When he introduced the film at this year’s Independent Film Festival of Boston, writer/director Chris Eigeman said, “If handmade is the opposite of corporate, I hope this feels handmade.” It does. It has its charms. Eigeman starred in the Wilt Stilman trilogy: Metropolitan, Barcelona and The Last Days of Disco. He’s very good at playing the buttoned-up, upper crust preppie type. So it’s somewhat surprising that he wrote and directed a film like Turn the River. But then again not that surprising as in those films, the characters drew the interest. Turn the River is a character study. Eigeman met Famke Janssen when they starred in the indie In Treatment together. Eigeman wrote the character in Turn the River specifically for Janssen. That tells a lot about her acting talent. She’s a tall, beautiful woman, yes. If you’ve only seen her in the X-Men films, you are missing out. She’s fantastic in little films like Monument Ave. and Love and Sex. [I’d love to see a film with Janssen and Elizabeth Hurley playing sisters.] While effortlessly beautiful and cool, Janssen can delve into nearly any role with conviction. She’s fearless. And there’s no Charlize Theron-technique of hiding her beauty to play serious roles either. Those beautiful, expressive eyes carry her character through this film. She turns in a gritty, natural performance as a pool hustler mom in Turn the River.

Kailey lost her custody of her son Gulley (Jaymie Dornan) to her ex-husband about a decade ago. We’re not exactly sure why but can guess. She seems from the other side of the tracks. She plays a lot of pool, isn’t educated in the conventional way and shuffles from place to place like many a grifter. Life experience shapes her and provides her with that hard edge. Yet her heart remains open to her son. Kailey has suffered losses at a young edge when she may wasn’t even enough of an adult to realize their implications. She’s not “book smart” like her son but certainly appreciates the virtues of his private schooling. Rip Torn plays the owner of one of her regular joints. He’s the father she’s always wanted. He doesn’t ask her too many questions and he supports her and unconditionally loves her and cares for her. It’s sweet. She spends most of her time at pool houses, sizing up potential marks, storing wads of cash in the back of a pick-up truck she won in a card game. When she finally decides to make the big move with her son, she’s going to risk everything.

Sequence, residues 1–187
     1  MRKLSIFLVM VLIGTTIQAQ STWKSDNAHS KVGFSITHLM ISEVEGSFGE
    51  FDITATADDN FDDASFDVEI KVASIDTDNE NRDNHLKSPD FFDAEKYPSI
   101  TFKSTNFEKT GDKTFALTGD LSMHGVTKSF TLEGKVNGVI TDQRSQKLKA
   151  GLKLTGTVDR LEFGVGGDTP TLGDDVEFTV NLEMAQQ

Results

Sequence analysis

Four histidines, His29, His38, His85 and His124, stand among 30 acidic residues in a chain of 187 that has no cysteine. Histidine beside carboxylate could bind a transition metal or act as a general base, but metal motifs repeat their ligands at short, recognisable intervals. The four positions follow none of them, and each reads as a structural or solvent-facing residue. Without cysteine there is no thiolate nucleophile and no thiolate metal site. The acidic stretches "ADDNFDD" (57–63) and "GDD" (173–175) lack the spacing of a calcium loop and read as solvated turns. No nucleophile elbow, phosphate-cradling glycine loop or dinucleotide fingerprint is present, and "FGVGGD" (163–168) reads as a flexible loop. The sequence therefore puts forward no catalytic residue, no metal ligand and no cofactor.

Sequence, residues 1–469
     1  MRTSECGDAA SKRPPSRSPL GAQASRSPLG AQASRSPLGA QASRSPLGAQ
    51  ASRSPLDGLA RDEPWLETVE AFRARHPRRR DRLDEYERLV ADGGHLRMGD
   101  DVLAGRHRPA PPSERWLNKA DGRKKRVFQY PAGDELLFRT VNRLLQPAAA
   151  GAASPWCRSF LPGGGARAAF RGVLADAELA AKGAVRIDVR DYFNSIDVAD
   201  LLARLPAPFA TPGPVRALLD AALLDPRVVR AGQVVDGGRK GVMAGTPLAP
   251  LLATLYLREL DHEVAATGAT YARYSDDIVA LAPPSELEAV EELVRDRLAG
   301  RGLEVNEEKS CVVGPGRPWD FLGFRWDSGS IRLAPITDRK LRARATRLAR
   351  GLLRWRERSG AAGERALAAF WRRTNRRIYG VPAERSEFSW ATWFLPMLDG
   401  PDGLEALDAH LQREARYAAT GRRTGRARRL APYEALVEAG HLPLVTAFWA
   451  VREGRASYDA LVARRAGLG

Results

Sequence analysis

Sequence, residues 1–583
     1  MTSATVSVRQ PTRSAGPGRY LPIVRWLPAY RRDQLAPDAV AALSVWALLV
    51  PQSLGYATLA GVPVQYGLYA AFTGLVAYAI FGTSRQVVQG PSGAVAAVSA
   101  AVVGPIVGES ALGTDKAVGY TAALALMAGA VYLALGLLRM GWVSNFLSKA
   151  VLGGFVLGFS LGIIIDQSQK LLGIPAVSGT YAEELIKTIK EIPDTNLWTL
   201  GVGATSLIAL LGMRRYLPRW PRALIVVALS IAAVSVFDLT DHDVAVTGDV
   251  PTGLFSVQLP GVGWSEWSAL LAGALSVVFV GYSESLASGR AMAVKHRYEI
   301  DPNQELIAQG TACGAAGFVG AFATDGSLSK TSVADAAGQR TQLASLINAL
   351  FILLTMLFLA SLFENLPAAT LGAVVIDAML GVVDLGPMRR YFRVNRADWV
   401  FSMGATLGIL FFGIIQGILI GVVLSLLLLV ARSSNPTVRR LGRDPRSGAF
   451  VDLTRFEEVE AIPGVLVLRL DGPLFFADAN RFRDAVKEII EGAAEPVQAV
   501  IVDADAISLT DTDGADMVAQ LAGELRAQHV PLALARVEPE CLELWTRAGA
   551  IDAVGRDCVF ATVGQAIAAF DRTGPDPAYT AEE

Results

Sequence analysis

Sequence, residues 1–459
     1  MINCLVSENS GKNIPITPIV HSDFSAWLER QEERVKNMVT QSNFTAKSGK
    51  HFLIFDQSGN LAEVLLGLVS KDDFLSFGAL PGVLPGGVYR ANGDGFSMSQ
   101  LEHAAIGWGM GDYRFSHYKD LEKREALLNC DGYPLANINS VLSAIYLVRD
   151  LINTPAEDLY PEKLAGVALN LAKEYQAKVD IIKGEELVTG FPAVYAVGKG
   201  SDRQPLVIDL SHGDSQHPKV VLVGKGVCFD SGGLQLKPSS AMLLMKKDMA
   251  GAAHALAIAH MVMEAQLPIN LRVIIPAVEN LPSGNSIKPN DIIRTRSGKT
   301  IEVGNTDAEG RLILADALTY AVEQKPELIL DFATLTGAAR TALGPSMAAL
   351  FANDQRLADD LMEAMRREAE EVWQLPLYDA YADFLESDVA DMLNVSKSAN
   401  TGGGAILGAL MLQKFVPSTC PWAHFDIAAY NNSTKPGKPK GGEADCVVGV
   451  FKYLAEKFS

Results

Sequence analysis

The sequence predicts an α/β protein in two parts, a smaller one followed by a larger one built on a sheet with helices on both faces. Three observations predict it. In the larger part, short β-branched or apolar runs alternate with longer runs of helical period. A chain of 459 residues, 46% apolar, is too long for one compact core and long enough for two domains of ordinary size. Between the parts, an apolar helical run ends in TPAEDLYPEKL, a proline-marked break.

Turn the River is a quietly moving film. It’s not flashy but is direct and complex. It slowly unfolds to show this street savvy woman who’s so on the edge and so close to going over the top. Will she make it? The ending may leave you completely confused and even asking, “Why did that just happen?” It’s flawed, absolutely. There are holes throughout but also plenty of heart. Overall though, this is a fine little film with stellar acting from Janssen.